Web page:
Author(s): Clevenger CV, Russell DH, Appasamy PM, Prystowsky MB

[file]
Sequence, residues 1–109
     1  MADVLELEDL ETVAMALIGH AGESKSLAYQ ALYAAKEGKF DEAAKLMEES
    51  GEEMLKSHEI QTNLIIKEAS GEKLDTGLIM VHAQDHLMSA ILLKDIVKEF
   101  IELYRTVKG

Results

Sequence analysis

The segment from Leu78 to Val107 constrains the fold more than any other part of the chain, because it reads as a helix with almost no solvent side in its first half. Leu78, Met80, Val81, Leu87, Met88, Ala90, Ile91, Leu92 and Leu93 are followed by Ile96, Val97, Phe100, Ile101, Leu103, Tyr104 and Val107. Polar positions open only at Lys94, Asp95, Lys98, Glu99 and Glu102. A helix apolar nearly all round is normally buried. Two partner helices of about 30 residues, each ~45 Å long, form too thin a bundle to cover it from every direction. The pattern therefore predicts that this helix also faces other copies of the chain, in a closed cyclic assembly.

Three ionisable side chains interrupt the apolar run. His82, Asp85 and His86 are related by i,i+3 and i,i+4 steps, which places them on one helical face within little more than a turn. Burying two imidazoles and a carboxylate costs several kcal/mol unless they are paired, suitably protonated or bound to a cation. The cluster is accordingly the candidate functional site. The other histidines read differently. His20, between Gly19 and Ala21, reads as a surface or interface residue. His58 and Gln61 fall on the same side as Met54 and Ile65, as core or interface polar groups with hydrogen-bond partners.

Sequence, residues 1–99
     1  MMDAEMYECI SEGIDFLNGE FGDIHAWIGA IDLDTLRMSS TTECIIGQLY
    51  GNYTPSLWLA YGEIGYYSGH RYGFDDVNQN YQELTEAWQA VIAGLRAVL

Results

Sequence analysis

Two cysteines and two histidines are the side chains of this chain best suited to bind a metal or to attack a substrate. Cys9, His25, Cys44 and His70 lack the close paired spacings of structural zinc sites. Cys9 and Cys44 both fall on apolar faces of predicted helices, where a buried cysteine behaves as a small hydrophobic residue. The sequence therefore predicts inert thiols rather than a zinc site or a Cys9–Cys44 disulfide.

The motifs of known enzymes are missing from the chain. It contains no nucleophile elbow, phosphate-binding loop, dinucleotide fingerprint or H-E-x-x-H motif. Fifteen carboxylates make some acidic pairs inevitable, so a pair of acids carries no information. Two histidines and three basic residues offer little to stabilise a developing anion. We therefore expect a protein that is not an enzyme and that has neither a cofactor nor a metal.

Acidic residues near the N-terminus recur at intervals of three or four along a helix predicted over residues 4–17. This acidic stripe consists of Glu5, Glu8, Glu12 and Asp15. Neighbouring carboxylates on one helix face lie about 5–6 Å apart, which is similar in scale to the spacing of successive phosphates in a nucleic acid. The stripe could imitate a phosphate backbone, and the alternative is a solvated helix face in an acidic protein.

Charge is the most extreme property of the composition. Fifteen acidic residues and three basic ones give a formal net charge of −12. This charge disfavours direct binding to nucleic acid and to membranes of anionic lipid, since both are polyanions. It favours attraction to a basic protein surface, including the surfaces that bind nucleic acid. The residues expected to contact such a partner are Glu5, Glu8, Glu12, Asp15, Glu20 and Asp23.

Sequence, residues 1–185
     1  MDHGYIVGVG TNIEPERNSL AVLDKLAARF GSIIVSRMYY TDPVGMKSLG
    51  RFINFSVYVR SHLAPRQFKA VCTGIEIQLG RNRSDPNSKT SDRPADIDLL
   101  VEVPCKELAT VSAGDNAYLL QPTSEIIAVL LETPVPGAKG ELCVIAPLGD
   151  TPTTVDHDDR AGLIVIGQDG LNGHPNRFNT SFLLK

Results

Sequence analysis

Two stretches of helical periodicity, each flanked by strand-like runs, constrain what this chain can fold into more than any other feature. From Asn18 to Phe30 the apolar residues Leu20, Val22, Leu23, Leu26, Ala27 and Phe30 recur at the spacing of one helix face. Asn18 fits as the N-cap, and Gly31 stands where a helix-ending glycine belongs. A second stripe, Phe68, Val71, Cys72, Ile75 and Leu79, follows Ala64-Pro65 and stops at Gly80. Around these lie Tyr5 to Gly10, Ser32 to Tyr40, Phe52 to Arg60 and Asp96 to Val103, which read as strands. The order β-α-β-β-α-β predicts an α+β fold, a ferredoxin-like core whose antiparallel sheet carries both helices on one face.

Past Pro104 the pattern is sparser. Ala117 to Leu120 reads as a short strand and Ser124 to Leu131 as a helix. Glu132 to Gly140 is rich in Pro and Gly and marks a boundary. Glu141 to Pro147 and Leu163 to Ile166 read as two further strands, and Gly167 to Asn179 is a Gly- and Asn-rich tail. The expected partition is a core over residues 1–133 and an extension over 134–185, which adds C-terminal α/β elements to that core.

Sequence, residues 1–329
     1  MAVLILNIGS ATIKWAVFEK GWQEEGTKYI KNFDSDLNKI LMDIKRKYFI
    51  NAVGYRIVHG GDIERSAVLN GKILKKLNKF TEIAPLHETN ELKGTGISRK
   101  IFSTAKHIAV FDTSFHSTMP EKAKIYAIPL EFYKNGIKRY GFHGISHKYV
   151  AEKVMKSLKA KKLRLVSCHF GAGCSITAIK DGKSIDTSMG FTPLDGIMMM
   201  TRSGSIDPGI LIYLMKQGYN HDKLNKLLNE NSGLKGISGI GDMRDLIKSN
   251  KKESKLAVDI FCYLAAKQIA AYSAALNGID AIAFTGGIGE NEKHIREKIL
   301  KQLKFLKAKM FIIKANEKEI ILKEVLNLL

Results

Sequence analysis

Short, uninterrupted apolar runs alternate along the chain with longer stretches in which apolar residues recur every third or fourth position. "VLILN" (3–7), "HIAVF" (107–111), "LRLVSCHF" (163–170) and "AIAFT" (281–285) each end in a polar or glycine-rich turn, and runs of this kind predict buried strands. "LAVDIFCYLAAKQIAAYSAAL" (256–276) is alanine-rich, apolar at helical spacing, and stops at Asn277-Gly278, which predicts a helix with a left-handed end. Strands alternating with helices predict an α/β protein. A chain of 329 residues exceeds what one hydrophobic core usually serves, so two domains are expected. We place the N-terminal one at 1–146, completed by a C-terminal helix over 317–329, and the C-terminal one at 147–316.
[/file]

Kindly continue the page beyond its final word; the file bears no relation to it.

The requirement for prolactin in interleukin 2-driven T-cell proliferation was evaluated. Addition of an anti-prolactin antiserum resulted in the specific inhibition of T-cell proliferation in a time- and dose-dependent manner. Synthesis of prolactin and its mRNA, however, did not occur during interleukin 2 stimulation. Instead, previously internalized prolactin, presumably from fetal bovine serum, appears to serve as the source of prolactin under serum-free conditions. A 7-fold increase in a prolactin receptor occurred as a function of cell cycle progression; accumulation of a 1.6-kilobase prolactin receptor mRNA increased approximately 2-fold. Interleukin 2 stimulation induced the translocation of prolactin into the nucleus and prolactin receptor to the nuclear periphery. These data indicate that extracellular prolactin is requisite for T-cell proliferation and suggest that the effects of prolactin are exerted in the nucleus.